But what about the "God" part?  My many loved ones who would consider themselves agnostic or atheist might wonder about this.  To explain... I think of God as my highest ideals, the source of love and the ultimate.  I would put God first - or honestly, I would hope to, but reality says I often fall short - because God, for me, equals life and all of humanity.  Life itself is more important than even one precious family, even though, of course, every family is an indivisible part of that big picture.  (Clear as mud?)  But love conquers all, and it isn't party-loyal to kith and kin, as they say.

One final postscript: the Dailymail piece is from someone who would be writing for the Reluctant Dad website.  The site has got to be a joke, right?  http://www.reluctantdad.com/  Some people really shouldn't have kids.   http://www.nytimes.com/2009/06/04/books/04masl.html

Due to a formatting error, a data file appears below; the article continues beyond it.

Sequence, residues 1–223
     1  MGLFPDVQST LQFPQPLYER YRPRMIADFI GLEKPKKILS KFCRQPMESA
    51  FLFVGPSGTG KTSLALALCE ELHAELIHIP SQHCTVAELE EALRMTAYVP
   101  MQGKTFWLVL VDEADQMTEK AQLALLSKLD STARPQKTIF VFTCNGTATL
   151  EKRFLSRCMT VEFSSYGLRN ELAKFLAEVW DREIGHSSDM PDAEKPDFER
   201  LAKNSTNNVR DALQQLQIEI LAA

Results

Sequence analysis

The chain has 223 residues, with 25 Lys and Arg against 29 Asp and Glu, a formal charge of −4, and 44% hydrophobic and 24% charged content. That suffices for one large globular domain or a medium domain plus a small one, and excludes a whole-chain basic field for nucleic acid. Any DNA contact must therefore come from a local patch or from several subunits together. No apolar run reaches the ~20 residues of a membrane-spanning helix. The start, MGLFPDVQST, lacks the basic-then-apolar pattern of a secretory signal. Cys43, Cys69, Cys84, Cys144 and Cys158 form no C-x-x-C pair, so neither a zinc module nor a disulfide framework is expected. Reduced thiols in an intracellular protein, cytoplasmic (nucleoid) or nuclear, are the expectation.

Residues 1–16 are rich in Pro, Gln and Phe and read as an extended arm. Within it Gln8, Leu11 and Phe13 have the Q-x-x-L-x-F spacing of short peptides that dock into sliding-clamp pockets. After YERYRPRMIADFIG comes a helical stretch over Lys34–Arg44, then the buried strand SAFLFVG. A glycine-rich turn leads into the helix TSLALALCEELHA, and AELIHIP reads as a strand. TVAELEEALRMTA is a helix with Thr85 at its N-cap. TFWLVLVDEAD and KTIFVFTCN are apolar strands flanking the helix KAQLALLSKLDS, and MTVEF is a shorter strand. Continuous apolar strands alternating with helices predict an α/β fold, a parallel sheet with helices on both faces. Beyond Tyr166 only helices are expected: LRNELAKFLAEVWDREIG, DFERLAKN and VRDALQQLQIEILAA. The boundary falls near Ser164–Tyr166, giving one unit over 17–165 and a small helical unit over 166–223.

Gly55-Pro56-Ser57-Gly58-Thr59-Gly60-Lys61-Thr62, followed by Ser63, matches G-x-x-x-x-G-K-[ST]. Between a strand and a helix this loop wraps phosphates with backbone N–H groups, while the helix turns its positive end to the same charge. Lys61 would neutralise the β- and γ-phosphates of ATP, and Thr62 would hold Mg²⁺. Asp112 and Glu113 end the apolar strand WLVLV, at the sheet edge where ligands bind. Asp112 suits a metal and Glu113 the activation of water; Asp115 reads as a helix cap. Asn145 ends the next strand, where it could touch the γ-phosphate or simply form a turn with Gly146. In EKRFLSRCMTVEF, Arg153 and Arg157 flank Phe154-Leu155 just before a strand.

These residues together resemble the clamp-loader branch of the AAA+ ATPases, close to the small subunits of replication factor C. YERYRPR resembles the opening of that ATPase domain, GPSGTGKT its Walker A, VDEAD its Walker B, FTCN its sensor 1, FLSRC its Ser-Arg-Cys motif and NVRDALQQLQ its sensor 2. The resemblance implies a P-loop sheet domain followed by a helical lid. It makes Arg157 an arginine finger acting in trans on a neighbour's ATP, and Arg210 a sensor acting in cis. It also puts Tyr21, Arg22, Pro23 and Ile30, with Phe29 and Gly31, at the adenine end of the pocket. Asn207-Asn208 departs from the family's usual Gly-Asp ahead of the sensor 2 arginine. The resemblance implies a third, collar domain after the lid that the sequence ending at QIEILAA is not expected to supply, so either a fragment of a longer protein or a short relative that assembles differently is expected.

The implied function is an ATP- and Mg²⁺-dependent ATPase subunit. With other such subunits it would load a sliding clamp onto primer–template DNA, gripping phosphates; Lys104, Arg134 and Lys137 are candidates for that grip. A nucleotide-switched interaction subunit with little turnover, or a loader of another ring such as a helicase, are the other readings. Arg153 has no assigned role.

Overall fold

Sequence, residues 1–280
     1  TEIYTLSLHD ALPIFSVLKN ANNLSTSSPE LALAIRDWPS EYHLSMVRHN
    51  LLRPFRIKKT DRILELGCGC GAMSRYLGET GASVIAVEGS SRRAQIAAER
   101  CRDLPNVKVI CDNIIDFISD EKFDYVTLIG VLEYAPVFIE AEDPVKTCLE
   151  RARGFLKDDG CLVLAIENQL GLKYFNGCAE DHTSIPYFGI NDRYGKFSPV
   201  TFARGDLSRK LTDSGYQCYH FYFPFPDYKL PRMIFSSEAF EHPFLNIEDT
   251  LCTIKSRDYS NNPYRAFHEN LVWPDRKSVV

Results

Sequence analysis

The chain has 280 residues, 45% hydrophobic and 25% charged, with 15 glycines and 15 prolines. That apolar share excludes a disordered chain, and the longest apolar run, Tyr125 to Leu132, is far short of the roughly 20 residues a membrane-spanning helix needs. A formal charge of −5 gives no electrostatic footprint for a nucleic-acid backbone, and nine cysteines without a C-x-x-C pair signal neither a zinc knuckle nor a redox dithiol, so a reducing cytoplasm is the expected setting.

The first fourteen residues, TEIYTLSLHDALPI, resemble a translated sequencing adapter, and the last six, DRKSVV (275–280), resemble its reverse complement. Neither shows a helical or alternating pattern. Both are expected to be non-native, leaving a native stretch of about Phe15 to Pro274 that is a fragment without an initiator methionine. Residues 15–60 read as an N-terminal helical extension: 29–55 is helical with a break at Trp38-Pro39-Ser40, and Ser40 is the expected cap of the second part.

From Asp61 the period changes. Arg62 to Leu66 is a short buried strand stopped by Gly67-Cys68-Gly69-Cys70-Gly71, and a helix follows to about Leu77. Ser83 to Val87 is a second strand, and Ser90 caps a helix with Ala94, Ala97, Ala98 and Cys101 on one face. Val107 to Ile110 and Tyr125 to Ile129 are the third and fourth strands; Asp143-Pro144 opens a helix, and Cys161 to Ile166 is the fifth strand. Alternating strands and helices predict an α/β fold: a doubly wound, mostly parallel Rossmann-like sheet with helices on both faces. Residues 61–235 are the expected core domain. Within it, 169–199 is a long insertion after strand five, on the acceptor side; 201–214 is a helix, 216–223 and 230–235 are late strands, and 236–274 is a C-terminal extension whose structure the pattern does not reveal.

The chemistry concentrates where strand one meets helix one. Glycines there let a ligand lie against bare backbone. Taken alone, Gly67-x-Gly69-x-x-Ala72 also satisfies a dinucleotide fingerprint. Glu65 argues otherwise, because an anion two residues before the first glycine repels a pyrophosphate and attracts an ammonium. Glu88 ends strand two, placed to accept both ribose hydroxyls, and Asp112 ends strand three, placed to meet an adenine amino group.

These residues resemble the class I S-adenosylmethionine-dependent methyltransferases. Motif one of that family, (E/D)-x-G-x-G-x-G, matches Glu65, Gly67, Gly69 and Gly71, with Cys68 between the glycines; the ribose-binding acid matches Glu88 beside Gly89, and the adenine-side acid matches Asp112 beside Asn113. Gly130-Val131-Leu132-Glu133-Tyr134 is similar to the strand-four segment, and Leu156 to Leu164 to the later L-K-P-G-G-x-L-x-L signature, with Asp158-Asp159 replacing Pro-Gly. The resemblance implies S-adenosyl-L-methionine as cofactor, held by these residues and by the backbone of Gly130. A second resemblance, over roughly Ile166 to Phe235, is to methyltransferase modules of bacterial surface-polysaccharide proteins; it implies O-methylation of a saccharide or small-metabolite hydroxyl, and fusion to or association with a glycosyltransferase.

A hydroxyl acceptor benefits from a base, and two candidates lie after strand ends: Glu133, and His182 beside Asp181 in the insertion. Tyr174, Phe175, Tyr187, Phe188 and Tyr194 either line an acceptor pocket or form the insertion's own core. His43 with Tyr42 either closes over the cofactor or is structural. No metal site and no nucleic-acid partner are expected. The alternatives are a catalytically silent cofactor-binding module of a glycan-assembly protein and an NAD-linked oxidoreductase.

Do these children ever make it to adulthood without hating their fathers or becoming misanthropes?  I hope not.  What do you think?


My Ultra-Critical, Tongue-in-Cheek Review of the Worst Children's Movie

Hello, friends!   I've been swamped this past month.  Even with no Facebook (*sniff*), I find that my time is readily filled with all kinds of projects, appointments, playdates, parties, homeschool planning, and assorted obligations.  Yet my house still looks like a wreck.  I am wondering why scientists haven't figured out a way to eradicate sleep... I mean, who needs it, really?

Anyway, life is great, if hectic, and I am excited to finally be able to write this blog and post it, even if it's in the wee hours of the morning and I have to get up in five hours.  What could be so important, I hear you cry?

I am here to tell you that "All Dogs Go to Heaven 2" is the worst children's movie that I've seen in recent years... or possibly ever.  Allow me to explain.